What I didn’t understand at the time was that you don’t have to have a thing to look for to go out to find it.
On the last day, when everything had been done there was to do, and lunchtime was still hours away, I pried the closet open, a pocket door that often stuck, and produced a ruler. I measured a suitcase to see how much extra air there was to fill. In the end, it was at least a life’s worth.
Re-re-crossing state lines, I tell Uncle my escape from Ex, my long letter explaining my desires to roam, taste different schemas, fall by someone else’s wayside; Uncle imagines me in that apartment like a child abandoned in a shopping mall. So alone, so vulnerable.
Instead of agreeing with him, should I say my truth? That I’m tired of boys knocking on my ribs like my heart will answer the door? That one, a dewdrop with an untucked chin, wormed his way in on this very trip? When we were stranded in the mountains, a late-winter snowstorm chalking up the place?
That knock: I had ushered him in carelessly. He had asked if I knew the whereabouts of the ice machine, and we took it from there. While Uncle had showered, unaware of my entanglements, I sought answers to long forgotten questions until my visitor felt he was on the verge of being missed next door. I almost, in a fit of what might have been love, asked if I’d see him again!
In the dark, I had awakened and still felt the wet of my stranger linger on my face, and, for the first time in this whole thing, I thought I could learn to miss somebody. Uncle shifted into mid-nightmare, making lost puppy sounds and testing this new idea of where my heart should be. I crawled into bed with him and pushed him over and spooned. He quieted and, eventually, so did I.
I search Uncle’s phone, find a Rudy. The old man had kept the hope alive, it seems. Country codes, strings of numbers collapse, until I’m sifting through a broken conversation with a confused man who recognizes my name even though we’ve never spoken. His accent is vaguely Continental.
“So that’s the plan,” I tell him: I will orchestrate Rudolpho’s trip to meet us, surprise Uncle, and reunite lovers, to make him remember what it was like to not pudge around listless and pudding-full.
“I do, if I can say, miss him,” Rudolpho says. “I feel shame in that, but it is the truth. Even though he left me, the coward, I still would see him.”
“It’s okay to miss someone,” I say.
“Why do you want to do this?” he asks. “Do you know our past? Of the things we both said that I don’t know if either of us wants to take back?”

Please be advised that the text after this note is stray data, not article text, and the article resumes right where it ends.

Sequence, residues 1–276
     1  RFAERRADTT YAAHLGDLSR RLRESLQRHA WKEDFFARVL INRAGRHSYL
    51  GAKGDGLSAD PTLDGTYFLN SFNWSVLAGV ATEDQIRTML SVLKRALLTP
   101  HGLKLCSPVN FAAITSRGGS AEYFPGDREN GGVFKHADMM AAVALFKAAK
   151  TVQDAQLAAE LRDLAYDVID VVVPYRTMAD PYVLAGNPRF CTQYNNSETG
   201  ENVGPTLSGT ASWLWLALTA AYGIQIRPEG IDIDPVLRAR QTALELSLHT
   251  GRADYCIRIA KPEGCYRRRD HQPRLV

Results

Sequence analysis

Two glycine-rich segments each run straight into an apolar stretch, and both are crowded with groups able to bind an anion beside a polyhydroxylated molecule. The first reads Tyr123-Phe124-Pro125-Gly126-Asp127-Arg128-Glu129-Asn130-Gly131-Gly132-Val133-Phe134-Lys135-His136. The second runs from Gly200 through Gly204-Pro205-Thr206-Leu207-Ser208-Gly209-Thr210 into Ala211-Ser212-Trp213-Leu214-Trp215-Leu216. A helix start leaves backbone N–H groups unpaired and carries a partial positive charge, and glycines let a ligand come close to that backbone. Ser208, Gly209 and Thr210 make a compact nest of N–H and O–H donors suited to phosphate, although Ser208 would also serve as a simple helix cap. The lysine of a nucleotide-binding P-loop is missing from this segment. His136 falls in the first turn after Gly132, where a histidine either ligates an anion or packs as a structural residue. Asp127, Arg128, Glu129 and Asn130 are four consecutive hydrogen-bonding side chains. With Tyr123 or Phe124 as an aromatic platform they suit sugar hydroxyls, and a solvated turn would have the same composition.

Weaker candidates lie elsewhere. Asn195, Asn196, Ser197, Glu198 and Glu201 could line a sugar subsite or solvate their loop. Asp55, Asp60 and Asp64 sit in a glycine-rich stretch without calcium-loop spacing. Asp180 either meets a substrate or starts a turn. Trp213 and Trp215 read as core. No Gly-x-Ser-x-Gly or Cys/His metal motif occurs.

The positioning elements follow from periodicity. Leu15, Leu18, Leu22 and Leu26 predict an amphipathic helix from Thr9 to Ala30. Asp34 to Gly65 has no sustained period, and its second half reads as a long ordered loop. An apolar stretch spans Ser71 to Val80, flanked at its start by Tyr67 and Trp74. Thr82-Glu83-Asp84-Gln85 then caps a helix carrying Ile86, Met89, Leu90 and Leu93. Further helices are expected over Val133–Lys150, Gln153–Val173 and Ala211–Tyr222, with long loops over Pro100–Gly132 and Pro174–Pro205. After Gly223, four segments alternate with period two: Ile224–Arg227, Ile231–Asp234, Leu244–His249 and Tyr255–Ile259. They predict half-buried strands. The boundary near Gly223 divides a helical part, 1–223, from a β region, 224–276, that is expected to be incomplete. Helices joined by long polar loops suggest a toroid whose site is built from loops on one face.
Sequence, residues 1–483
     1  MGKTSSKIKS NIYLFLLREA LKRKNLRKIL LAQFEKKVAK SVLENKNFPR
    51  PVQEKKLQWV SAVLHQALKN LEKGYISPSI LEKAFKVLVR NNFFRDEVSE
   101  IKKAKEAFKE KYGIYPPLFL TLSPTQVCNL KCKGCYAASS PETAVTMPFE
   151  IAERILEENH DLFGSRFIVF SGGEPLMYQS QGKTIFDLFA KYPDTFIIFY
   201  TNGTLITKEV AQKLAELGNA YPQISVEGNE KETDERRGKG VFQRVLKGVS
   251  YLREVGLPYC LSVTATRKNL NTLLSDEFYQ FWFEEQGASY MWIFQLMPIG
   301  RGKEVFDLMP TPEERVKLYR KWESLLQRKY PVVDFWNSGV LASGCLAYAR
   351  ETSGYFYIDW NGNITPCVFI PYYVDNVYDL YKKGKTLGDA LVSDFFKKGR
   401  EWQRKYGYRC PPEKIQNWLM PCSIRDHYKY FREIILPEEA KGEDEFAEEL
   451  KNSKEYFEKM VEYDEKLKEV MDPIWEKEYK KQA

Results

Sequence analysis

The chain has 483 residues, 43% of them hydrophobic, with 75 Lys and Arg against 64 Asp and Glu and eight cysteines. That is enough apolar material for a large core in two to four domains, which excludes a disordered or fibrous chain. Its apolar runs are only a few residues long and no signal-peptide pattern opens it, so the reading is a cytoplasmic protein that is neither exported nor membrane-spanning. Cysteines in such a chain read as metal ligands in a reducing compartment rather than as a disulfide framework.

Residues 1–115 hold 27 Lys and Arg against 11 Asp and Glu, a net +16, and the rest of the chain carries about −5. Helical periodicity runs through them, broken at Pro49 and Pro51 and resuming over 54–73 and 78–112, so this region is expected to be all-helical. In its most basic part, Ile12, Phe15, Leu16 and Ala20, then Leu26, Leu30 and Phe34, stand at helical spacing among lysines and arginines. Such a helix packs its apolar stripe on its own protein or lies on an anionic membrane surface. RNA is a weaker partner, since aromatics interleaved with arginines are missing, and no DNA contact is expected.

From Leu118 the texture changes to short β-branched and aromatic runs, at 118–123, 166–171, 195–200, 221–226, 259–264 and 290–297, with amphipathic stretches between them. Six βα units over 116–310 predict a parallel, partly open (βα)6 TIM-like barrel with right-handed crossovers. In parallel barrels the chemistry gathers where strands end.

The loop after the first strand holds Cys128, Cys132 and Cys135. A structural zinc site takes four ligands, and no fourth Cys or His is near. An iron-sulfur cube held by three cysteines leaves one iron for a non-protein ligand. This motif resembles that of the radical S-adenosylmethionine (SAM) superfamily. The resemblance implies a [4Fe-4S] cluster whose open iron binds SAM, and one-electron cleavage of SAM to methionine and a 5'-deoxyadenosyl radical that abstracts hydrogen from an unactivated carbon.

“I don’t know,” I say, but that’s only part of it. Who knows the answer to that kind of question? But I need to see if it can work, if the past can be fixed—to learn the difference between memories and history. “Can you take those words back? Even if you don’t want to?”
“I don’t know,” he says. “He is the one to decide that.”
After promising to wire the money, I clear the call history, a habit. I grew up in a house where every surface was used to store something: baskets tacked to doors to cradle orphan shoes, scarves, ties; cabinets forking into cubbies with stashed spices, curios, unopened mail. A mess masquerading as a life. When we left Uncle’s, I tossed what I had to the heap to make the thing they talk about on television, the clean break.
“I didn’t know what people meant when they said fell in love, like I never had a feeling that I could pinpoint as that feeling, but that is because I didn’t know that I wasn’t trusting myself to know what my own feelings meant. I don’t know if I thought cartoon hearts would flutter and pop around me, or if I would feel anything other than the . . . solidness? The foundational part of it, how love is the thing you build on, the thing that helps you stand up and keep walking, even when everything else is going into the shitter. That’s the thing I felt, that’s what I think love is, and I’m just starting to realize that now. Does that make sense?”
Meanwhile, as Rudolpho awaits in the next town, Uncle lazes in the passenger seat, murmuring in his old man tongue. I turn up the radio, the static pelting us like hail.
“What would you do,” I ask, speeding up, “for another shot at something you wanted?”
See Rudolpho in his suit, sitting on a motel bed loosening his tie. Jacket too small and bunching at the armpits.
“What would you do,” I ask, “for a chance to fix a mistake?”
Hear Rudolpho hum, warm his voice to the empty room, mumble to himself his introductory lines, practicing for when the door opens. Let’s not say it’s been a long while. Let’s say it’s been a short catnap.
“What would you do,” I ask, beating my hands on the steering wheel, “for the chance to slide over to the next life with fewer regrets than you ought to have?”
Uncle fudges up reasons to keep sleeping until we pull into the motel parking lot, the building a seafoam green to make believe we’re near to the coast, and I push him out the door, confident he will realize the favor I’m forcing down his throat.
The haste to reconnect Uncle with Rudy lets me, in distraction, drift further into Ex’s search for me than I intended. It’s been weeks since I blundered Uncle out into his future. Here, in my latest motel parking lot, found underneath the windshield wiper:
WHENEVER—IN THE DARK—U SEE
HEADLIGHTS POINTED IN YR
DIRECTION, I WILL BE THERE
I recognize the cadence, the phrasal infix interrupting, as Ex’s particular breath- lessness. And the handwriting. I flip the note:
THAT IS SUPPOSED